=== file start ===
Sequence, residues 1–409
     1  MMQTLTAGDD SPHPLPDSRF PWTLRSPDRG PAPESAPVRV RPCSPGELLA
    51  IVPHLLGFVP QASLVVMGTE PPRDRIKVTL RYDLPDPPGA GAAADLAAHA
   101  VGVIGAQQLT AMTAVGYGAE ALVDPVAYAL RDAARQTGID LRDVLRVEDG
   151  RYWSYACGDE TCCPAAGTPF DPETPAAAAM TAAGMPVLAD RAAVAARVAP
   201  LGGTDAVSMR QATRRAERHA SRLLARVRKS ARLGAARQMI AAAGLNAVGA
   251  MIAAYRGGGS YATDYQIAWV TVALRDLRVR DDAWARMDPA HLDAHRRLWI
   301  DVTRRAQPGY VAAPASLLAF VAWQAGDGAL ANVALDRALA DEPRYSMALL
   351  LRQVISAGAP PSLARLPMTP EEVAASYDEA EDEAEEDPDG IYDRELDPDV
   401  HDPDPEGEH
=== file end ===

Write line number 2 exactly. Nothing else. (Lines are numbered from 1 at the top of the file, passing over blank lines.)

     1  MMQTLTAGDD SPHPLPDSRF PWTLRSPDRG PAPESAPVRV RPCSPGELLA